ACR CONVERGENCE 2020—In 2018, James P. Allison, PhD, and Tasuku Honjo, MD, PhD, were named the winners of the Nobel Prize in Physiology or Medicine for their discovery of cancer therapy by inhibition of negative immune regulation.1 These researchers revealed some of the ways certain proteins function as brakes on the immune system and how releasing these brakes could unleash immune cells and allow them to attack cancerous tumors. These discoveries and the practical implementation of such insights have led to an entirely new field within oncology that uses immune checkpoint inhibitors (ICIs) to effectively treat malignancy in ways that were not possible just a few years ago. However, every coin has two sides, and that is perhaps the best way to describe a potential side effect of ICIs: immune-related adverse events (irAEs).
Core Tenets of Cancer Immunotherapy
At ACR Convergence 2020, this topic was discussed in eloquent detail during the session titled Checkpoint Inhibitors: Past, Present and Future. Jedd Wolchok, MD, PhD, Lloyd J. Old/Virginia and Daniel K. Ludwig Chair in Clinical Investigation and chief of the Immuno-Oncology Service at Memorial Sloan Kettering Cancer Institute, New York, described the core tenets of cancer immunotherapy.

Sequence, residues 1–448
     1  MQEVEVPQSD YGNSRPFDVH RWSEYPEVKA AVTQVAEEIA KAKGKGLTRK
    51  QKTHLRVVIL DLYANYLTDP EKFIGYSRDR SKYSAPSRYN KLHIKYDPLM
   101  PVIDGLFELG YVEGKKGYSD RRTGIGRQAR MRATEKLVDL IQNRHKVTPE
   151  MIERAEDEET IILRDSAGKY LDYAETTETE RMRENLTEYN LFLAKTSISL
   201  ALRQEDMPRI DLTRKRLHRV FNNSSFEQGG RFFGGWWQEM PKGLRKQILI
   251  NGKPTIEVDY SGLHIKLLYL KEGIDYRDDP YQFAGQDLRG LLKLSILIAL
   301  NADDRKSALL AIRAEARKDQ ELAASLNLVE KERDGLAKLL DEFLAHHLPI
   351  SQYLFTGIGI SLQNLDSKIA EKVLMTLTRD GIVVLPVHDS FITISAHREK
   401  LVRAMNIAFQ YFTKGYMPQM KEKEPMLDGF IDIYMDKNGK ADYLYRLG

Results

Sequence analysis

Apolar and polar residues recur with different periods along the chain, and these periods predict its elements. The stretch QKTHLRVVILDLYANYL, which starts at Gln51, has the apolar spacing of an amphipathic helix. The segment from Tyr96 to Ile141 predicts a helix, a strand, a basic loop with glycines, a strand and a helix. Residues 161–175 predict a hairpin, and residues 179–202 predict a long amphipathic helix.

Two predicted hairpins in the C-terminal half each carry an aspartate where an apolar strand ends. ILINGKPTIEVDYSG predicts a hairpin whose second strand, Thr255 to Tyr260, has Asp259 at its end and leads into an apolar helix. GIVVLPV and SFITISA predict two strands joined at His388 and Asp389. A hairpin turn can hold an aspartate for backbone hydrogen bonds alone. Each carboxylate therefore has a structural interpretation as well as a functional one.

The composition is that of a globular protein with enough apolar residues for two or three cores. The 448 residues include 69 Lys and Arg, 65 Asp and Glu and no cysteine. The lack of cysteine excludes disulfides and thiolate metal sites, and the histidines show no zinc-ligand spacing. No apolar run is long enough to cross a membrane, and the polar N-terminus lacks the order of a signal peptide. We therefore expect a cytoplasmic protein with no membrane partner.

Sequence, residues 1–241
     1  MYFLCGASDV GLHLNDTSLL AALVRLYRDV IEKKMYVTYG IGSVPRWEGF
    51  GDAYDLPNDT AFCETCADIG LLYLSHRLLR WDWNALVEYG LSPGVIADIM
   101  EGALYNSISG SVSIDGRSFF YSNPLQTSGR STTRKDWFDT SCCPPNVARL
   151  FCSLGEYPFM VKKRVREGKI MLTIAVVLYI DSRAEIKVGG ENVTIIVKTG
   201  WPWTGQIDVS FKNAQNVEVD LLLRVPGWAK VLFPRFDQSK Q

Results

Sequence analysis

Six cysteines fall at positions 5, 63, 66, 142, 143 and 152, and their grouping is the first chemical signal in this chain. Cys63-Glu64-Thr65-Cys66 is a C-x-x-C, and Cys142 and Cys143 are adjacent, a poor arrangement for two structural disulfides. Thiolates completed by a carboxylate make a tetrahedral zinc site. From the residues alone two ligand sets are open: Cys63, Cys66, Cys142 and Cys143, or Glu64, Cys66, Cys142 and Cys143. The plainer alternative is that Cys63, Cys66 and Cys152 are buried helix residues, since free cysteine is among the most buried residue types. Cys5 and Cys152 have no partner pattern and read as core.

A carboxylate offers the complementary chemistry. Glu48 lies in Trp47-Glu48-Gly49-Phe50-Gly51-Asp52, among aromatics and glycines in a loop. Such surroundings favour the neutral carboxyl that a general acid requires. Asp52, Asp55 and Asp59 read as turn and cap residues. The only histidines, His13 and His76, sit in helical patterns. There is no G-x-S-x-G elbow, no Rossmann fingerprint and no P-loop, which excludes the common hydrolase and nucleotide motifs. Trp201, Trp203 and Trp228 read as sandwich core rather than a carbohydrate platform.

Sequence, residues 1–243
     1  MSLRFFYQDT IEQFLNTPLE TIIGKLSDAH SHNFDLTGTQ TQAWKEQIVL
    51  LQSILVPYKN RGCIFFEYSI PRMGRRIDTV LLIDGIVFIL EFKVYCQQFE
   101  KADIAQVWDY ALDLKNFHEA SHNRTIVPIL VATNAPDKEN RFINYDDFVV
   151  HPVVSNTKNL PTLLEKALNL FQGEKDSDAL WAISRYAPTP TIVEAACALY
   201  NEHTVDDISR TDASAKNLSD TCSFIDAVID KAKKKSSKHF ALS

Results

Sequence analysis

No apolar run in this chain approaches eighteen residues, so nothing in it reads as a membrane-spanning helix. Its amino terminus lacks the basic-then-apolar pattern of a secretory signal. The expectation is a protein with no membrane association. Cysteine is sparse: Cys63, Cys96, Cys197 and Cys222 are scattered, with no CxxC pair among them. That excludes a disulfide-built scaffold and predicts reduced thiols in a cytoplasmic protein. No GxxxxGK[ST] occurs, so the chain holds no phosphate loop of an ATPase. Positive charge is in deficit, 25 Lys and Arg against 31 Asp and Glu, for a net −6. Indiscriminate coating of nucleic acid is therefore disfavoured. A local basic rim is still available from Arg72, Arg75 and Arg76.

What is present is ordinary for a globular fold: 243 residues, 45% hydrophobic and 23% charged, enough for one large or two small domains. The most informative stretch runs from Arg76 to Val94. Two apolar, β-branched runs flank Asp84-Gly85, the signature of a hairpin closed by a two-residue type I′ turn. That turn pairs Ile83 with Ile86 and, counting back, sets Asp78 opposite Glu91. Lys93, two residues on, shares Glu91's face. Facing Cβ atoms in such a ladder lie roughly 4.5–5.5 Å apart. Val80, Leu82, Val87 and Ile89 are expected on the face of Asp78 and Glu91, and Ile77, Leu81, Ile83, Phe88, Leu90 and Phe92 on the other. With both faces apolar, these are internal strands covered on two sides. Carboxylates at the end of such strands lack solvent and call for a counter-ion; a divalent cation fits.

Dr. Wolchok discussed the way ipilimumab augments T cell activation and proliferation by binding CTLA4, thereby blocking the inhibitory signal of this pathway. A different ICI, nivolumab, binds to the PD-1 receptor and blocks its interaction with PD-L1 and PD-L2, thereby impairing PD-1 pathway-mediated inhibition of the immune response to such entities as tumor cells. These medications are now effective components of the treatment regimens for lung cancer, esophageal cancer and melanoma, among other malignancies. Unleashing the effects of the immune system in this manner allows immune-mediated toxicities to occur in various organ systems, creating the potential for significant morbidity and mortality.
The exact incidence of irAEs is not known, and varies based on ICI regimen and the type of cancer being treated, but, as a general rule, the frequency and severity of irAEs appear to be greatest among patients receiving ipilimumab/nivolumab combination therapy, when compared with monotherapy.2-4 Colitis and hypophysitis are more common in patients receiving CTLA-4 therapy, and arthritis, pneumonitis and thyroiditis are more frequently seen in patients on PD-1 therapy.5-7
Some of the key takeaways from Dr. Wolchok’s portion of the talk were: 1) irAEs are not uncommon; 2) it is incumbent upon oncologists to screen for and promptly recognize signs of irAEs; and 3) when detected, oncologists should work together with rheumatologists to understand the nature of the irAE in question and effectively treat and manage these issues.